Despite its scale, the Federal Reserve's massive injection of financial liquidity of late and its announcement of a new facility that will purchase commercial paper are not registering with investors, who appear to be clamoring for interest rate cuts instead.
This was abundantly evident in the feeble response to news yesterday that the Fed was expanding its term auction facility, the facility the Fed created last December to auction loans to banks. The TAF was increased to a massive $900 billion from $150 billion just two weeks ago. The lack of a response of course also reflects the multitude of problems that exist in the financial system and the fact that financial shocks tend to resonate for a few months.
The TAF announcement and the subsequent deaf-eared response was made more important by the fact that the Fed had simultaneously announced that it would begin paying interest on bank reserves (money set aside by banks as margin against deposits held), an action that enables the Fed to add as much money into the banking system as it desires without the added money having any influence on the fed funds rate.
The combined actions amount to a quantitative easing of monetary policy, with the Fed expanding its balance sheet in order to place new money into the banking system, and the expansion has been dramatic, yet the market response has been feeble.
It is of course up to the banking system to expand the money the Fed injects in the financial system, and this is something that only banks can do, and they are not doing it yet, but it seems a sure bet that they eventually will, given the astronomical amount of money that the Fed has placed in the system. In the meantime, investors and the general public will clamor for what they understand most: interest rate cuts.
A cut of 75 to 100 basis points would do the trick for now. A large cut is the best choice, considering the gravity of the situation and because it is the surest route to a steeper yield curve, which would improve net interest margins and help banks. Moreover, as investors in banks, we the public have a vested interest in the profitability of the banking sector, now more than ever.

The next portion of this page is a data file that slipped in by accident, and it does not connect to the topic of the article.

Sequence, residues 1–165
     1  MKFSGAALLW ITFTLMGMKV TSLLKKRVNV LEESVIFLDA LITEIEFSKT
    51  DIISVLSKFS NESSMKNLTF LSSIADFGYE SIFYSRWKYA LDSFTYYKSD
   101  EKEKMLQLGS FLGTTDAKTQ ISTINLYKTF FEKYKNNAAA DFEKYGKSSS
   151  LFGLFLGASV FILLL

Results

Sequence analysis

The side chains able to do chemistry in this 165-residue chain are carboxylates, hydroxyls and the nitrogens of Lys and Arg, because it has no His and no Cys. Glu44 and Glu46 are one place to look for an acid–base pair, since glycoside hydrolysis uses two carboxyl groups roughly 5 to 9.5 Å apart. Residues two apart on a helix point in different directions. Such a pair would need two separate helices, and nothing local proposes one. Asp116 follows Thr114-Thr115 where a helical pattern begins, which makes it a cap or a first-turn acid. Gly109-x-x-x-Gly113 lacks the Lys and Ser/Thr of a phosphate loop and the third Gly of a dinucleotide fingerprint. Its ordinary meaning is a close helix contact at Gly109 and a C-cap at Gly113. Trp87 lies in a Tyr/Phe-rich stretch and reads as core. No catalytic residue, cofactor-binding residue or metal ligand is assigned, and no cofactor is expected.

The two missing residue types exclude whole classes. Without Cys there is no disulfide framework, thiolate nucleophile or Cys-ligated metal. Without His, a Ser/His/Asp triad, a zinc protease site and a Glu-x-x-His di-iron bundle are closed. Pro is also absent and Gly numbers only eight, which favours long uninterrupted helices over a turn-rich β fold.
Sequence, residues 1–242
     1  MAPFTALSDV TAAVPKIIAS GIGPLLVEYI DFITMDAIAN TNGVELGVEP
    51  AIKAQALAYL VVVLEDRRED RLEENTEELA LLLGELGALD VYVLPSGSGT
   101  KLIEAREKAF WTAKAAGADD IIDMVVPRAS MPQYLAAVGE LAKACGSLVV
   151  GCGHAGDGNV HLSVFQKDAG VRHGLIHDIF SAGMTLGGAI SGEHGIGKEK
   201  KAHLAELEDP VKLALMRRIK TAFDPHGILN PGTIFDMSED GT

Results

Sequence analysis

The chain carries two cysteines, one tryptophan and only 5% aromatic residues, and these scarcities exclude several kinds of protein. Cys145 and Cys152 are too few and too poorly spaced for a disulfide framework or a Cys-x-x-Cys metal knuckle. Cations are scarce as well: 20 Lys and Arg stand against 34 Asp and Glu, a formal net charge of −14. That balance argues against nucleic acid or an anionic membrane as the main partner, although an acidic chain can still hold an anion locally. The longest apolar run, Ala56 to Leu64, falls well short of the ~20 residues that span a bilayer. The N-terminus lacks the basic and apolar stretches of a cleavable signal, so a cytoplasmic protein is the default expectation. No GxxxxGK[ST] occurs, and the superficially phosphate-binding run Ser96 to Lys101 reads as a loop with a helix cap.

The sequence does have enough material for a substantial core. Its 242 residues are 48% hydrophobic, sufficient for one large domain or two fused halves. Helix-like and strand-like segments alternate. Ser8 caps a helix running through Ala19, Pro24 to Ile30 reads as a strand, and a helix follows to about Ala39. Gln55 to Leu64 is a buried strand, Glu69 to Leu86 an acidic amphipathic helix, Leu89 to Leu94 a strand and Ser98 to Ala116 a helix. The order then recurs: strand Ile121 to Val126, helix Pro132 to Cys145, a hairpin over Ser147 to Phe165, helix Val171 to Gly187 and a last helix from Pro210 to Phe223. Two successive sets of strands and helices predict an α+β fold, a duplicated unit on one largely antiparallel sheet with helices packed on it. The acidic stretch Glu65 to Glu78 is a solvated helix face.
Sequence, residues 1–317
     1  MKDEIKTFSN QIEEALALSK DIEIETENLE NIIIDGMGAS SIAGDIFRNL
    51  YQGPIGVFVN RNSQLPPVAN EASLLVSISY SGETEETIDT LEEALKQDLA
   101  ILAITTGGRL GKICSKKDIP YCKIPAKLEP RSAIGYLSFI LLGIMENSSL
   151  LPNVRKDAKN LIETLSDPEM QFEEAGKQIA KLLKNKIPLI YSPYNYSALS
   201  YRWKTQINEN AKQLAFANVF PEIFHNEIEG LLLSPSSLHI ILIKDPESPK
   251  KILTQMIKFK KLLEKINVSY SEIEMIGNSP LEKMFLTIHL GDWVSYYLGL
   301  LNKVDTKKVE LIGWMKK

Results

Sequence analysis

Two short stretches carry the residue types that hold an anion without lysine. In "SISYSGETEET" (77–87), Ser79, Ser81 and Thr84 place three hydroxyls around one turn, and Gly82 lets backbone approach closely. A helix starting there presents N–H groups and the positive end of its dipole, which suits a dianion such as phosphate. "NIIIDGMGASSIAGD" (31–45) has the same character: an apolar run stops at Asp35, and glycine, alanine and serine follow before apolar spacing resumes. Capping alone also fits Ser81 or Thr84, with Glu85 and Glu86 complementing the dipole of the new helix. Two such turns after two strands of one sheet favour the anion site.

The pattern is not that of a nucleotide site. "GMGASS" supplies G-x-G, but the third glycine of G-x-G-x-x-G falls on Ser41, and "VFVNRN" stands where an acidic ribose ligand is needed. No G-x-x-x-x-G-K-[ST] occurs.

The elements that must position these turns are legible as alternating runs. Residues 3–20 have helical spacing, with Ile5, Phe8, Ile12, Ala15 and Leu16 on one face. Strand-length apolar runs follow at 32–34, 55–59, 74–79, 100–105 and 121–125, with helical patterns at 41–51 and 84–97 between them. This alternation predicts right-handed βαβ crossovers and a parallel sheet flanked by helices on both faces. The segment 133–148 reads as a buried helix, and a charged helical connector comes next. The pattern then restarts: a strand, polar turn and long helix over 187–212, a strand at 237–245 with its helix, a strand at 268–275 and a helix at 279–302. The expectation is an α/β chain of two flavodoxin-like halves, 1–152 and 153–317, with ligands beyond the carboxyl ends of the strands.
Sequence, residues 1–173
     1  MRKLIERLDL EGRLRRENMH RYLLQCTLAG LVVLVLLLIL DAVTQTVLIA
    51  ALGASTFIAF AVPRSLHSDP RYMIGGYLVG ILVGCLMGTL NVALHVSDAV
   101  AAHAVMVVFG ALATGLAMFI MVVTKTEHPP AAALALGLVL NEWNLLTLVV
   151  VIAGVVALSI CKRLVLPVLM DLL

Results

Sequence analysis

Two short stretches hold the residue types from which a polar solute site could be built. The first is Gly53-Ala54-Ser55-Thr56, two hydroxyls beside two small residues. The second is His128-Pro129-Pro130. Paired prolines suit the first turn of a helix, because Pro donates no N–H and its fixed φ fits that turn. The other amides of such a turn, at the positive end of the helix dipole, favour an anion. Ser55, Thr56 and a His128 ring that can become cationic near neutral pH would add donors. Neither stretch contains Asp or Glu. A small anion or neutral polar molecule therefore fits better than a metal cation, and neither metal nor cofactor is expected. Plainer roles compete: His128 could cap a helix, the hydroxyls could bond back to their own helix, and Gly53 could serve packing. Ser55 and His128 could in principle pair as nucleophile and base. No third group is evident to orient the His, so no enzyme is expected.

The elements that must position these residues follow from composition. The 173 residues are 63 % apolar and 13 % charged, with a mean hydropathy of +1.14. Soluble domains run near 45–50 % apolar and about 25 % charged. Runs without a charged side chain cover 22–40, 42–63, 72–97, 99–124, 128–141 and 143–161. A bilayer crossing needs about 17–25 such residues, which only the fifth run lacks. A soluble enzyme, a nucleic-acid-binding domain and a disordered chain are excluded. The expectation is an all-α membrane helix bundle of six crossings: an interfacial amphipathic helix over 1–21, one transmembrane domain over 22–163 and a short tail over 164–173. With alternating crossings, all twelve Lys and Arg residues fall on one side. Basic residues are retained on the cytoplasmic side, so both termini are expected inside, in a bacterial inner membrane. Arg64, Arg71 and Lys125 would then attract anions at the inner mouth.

Meanwhile, key gauges of the credit market are mixed today, leaning toward slight improvement but so slight that almost no confidence can be gained from them. For example, swap rates, which are a good proxy for sentiment regarding credit spreads, are lower but only slightly lower.
The two-year swap rate, for example, which has been a good gauge of concerns about short-term credit conditions, is down just 2 basis points to 137 basis points over Treasuries. Importantly, the current level is higher than where it was just before the Fed announced it would create a facility to purchase commercial paper. At that time, the swap rate fell to 128 basis points over Treasuries. The current level is down from the cycle high of 165 basis points over Treasuries, set last Thursday.
T-bill rates are higher on the day, with 3-month bills at 0.97%, up 48 basis points, a good sign, but in light of the volatility seen in bill rates recently, and the fact that bill rates remain at least a half percentage point to three-quarters of a point below normal bill rates continues to reflect stress in the financial system.
The amount of basis points paid on credit default swaps for major commercial paper issuers fell after the Fed's announcement, but they remain high. Moreover, the improvement has an isolated feel to them, since the improvement has benefited commercial paper issuers disproportionately.
Eurodollar futures, which are a good gauge of expectations on three-month Libor, are barely changed, indicating that tomorrow's Libor setting won't show much improvement after having soared recently.
Euribor, which gauges euro-based inter-bank rates, are also little changed, also a sign of still-elevated inter-bank rates.
Lastly, no U.S. companies have sold bonds today, the third day with zero issuance. Only about $7 billion of company bonds have been issued over the past three-plus weeks.